What Today’s Christians Can Learn From Antiquity About Living in a Hostile Pagan World
By Greg Scandlen
To survive in a hostile culture, Christians must articulate and exemplify an alternative vision of human flourishing.
Mollie Hemingway had a very nice article in The Federalist the other day in which she suggests that our society’s sexual obsession is a new religion. She writes,
This new religion has fervent adherents and strict dogma, but it’s also true that the doctrines are still being formed. Now that marriage has been redefined away from sexual complementarity, the project to redefine the sexes themselves is moving forward. The doctrines governing biological reality, monogamy, polygamy, beastiality, pedophilia, and other issues will continue to be debated in councils and forums.
She overlooks the holy sacrament of abortion in her list of dogmas: it is the one practice that is beyond debate in this new paganism. Despite the political rhetoric of “pro-choice,” this religion’s expectation is that pregnant women should get abortions and celebrate doing so on Twitter and YouTube. It doesn’t matter much if the expectant mother has been coerced by boyfriends or family members as long as the Temple of Planned Parenthood is fed new sacrifices.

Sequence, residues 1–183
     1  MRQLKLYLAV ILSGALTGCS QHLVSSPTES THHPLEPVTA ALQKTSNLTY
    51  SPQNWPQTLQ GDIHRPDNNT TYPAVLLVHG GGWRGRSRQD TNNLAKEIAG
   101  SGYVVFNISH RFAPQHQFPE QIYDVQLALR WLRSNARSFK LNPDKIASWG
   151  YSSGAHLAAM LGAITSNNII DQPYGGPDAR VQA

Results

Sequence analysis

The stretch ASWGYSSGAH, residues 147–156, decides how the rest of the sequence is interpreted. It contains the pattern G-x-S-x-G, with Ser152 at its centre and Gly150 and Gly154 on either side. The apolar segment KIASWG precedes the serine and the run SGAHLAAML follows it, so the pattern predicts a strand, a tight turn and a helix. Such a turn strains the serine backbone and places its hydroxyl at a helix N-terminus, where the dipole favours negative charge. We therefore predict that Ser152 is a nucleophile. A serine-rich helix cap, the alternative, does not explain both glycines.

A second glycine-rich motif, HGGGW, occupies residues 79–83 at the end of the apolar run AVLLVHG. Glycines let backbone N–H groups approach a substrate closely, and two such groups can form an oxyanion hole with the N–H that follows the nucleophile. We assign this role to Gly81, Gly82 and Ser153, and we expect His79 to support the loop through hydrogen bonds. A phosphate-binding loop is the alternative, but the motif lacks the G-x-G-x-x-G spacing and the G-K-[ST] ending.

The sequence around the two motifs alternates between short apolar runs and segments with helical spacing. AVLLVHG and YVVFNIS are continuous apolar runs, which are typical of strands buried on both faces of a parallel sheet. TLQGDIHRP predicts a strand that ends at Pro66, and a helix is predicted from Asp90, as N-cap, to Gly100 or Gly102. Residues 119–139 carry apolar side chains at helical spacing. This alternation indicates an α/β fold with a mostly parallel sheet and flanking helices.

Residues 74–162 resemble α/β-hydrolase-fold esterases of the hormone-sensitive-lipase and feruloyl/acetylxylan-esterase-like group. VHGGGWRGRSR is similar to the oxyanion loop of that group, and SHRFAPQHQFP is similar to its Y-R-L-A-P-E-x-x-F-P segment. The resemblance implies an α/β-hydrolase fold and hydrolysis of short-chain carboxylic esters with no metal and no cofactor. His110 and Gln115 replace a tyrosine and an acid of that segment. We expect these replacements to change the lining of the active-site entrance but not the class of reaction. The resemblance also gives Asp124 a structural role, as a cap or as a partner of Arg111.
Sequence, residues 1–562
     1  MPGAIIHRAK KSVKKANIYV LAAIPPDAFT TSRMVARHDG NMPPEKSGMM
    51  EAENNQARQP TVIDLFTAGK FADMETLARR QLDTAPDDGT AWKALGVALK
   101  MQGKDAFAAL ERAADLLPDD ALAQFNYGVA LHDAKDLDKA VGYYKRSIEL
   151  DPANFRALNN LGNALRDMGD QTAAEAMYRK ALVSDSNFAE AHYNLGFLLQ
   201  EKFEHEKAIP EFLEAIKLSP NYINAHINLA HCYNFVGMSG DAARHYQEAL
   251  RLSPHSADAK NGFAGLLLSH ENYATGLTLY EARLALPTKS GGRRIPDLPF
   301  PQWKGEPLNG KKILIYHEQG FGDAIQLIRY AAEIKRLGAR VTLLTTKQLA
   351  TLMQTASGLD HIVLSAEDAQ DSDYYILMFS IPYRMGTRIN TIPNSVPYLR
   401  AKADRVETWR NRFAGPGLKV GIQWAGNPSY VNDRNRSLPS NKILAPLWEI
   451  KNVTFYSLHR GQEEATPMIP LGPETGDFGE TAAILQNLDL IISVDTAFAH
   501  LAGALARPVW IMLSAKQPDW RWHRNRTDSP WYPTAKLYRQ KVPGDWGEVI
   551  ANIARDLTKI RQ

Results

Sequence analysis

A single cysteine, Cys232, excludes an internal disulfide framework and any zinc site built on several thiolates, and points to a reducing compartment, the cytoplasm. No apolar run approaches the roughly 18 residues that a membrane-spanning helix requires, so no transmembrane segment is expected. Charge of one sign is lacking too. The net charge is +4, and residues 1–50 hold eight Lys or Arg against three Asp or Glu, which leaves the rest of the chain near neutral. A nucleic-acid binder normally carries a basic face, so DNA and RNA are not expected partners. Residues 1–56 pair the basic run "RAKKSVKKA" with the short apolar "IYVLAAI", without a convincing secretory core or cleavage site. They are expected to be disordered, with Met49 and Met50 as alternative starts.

Yet many facets of this “new religion” are actually depressingly familiar. Current conditions are strikingly similar to the paganism practiced in Ancient Rome around the time Christianity came along, as Rodney Stark describes in his 1996 classic “The Rise of Christianity.” Perhaps we can learn how to deal with the New Paganism by considering how Christians replaced the Old Paganism in a very short time (at least by historical standards).
Now, before atheist Federalist readers fire up their snarky comments about spaghetti monsters in the sky, relax. Stark’s book is a sociological treatise, completely avoiding any mention of divine intervention, or even much about Jesus. He even uses the secular designation of “Common Era” (C.E.) in his dates, rather than the A.D. (anno domini, or “Year of our Lord”).
Read more: The Federalist
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